12. The method as recited in claim 11, further comprising allocating resources among the plurality of processor cores based on the map.

13. The method as recited in claim 11, further comprising a selected one of the processor cores dynamically updating the map responsive to execution of one or more tests.

14. The method as recited in claim 11, wherein generating the map includes determining thermal characteristics of the multi-core processor and traffic bandwidth in the communications fabric.

15. The method as recited in claim 11, further comprising invoking a particular one of the tests based on detecting a predefined condition.

Description:

BACKGROUND

Computing devices are increasingly becoming more powerful and at the same time they are getting smaller; they are consuming less power and they possess exponentially more memory in relation to that which was done by their predecessor devices. For example, it is not uncommon today for a single user laptop to have more than one processor embedded in its chipset. In fact, recent industry pronouncements indicate that upwards of eighty processors have been successfully integrated into a single chipset design.

Having multiple integrated processors within a single chipset provides a variety of benefits. One obvious capability is parallel computing. That is, two or more threaded applications can execute at the same time and within the same device using different processors, thereby increasing processing throughput on that device.

Another benefit includes the establishment of multiple virtual machines from a single physical machine architecture. Although this is feasible with a single processor architecture, having a multiple processor architecture makes the creation and maintenance of virtual machines more practical. Additionally, the number of feasible virtual machines that can be executed on a single integrated device increases with a multiple processor architecture design.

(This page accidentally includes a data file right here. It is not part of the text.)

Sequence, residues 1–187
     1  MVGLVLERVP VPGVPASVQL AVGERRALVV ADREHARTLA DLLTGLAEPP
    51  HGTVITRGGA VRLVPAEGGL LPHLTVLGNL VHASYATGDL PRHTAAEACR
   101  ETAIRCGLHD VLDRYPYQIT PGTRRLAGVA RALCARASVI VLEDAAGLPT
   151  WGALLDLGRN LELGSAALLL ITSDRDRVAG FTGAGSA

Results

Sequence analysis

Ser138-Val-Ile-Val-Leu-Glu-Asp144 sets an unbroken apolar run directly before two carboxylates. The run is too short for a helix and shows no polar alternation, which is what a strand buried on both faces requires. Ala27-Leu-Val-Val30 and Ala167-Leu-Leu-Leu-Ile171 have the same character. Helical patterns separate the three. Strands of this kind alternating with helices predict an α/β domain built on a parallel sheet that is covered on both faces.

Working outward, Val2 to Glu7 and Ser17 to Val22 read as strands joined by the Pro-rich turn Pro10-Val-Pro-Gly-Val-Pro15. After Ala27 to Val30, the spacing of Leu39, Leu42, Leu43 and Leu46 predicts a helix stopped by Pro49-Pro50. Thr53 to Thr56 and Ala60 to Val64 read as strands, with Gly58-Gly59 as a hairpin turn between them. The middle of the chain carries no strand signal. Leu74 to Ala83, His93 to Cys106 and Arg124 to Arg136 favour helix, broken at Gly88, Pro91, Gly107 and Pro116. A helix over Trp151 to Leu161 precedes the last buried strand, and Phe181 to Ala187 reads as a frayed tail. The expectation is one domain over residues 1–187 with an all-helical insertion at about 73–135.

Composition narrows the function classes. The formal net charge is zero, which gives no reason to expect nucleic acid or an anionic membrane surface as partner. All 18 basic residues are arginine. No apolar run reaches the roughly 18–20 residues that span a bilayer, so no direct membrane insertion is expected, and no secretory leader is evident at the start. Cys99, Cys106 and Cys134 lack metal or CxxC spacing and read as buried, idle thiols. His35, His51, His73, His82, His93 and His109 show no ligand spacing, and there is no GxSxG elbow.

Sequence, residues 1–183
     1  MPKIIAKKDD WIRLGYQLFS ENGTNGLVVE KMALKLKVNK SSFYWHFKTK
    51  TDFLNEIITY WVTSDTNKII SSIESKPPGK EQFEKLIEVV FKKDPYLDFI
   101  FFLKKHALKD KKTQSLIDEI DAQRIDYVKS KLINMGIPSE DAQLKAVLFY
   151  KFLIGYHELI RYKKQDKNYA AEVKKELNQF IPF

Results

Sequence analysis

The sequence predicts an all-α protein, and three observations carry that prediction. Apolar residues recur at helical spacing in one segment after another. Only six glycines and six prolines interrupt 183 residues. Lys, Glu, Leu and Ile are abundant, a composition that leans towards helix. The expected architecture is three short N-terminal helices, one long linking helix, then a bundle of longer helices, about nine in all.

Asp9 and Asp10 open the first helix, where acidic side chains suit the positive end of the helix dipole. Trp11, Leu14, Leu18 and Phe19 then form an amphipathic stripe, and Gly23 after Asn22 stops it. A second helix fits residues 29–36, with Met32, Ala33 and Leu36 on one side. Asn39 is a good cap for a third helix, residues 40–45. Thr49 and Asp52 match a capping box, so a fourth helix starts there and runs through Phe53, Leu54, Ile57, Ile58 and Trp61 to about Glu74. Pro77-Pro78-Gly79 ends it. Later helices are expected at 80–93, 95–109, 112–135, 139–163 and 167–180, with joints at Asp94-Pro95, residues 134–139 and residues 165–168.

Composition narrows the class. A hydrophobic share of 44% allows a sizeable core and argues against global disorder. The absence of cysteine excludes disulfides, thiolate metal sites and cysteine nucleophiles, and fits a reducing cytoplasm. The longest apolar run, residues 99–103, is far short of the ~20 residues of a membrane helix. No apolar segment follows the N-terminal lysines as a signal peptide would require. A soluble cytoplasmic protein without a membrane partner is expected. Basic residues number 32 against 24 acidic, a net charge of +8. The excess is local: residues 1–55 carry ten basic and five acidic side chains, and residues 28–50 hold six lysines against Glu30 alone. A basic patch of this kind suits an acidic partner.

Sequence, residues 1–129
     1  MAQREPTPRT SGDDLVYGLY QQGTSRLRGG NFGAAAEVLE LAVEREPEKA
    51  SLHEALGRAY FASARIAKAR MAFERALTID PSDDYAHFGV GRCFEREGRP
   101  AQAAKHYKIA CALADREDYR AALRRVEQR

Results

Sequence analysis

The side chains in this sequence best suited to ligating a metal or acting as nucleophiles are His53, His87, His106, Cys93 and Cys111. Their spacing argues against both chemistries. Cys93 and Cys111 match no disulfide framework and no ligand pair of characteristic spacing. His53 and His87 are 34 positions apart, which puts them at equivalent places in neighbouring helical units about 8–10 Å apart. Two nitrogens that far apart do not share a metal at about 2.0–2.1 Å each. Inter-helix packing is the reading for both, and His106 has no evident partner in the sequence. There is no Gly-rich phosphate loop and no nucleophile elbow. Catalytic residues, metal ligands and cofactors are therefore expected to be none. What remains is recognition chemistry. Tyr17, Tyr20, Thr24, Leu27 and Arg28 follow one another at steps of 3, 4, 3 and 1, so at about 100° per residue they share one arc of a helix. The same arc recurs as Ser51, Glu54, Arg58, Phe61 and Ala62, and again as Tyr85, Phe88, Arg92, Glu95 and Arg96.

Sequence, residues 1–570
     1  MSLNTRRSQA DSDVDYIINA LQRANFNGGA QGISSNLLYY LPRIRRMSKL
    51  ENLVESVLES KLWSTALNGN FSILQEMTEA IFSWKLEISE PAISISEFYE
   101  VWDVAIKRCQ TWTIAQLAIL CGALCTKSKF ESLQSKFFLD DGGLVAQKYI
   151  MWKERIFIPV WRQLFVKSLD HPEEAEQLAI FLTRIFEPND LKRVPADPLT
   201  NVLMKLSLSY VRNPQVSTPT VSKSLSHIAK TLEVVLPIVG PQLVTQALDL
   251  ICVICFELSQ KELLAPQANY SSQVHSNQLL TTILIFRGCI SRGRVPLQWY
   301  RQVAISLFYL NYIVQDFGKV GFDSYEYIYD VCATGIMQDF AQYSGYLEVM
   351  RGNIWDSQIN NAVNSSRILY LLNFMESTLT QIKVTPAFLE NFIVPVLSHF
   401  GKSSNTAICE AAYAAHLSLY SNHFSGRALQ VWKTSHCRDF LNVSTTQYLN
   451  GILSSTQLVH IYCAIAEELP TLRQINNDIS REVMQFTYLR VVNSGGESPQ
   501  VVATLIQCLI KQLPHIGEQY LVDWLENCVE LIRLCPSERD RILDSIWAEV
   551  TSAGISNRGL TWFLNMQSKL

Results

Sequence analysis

Yet, one issue with a multiple processor architecture is that different virtual machines or threaded applications from different virtual machines can experience congestion or bottleneck situations within some processors or even between communication channels associated with the multiple processors. So, proactive maintenance, support, analysis, and load balancing are existing problems associated with the multiple processor architecture design.

Accordingly, there is a need for improved utilization planning and analysis that is associated with multiple processor architectures.

SUMMARY

In various embodiments, techniques for multi-core resource utilization planning are provided. More specifically, and in an embodiment, a method is provided for generating and using a utilization planning map for a multi-core machine architecture. An agent is deployed for processing on each core of a multi-core machine architecture of a machine. Next, a test is initiated; the test is to be performed by each agent in coordination with one another. Furthermore, the test evaluates performance characteristics for the cores and for communication occurring between each of the cores. Finally, a map is generated in response to test results produced by the agents. The map includes gathered measurements, which are associated with the performance characteristics, and the map is used for evaluating the multi-core architecture and making decisions regarding usage of particular cores or particular combinations of the cores.

BRIEF DESCRIPTION OF THE DRAWINGS

FIG. 1 is a diagram of a method for generating and using a utilization planning map for a multi-core machine architecture, according to an example embodiment.

FIG. 2 is a diagram of another method for generating and using a utilization planning map for a multi-core machine architecture, according to an example embodiment.

FIG. 3 is a diagram of a multi-core utilization planning system, according to an example embodiment.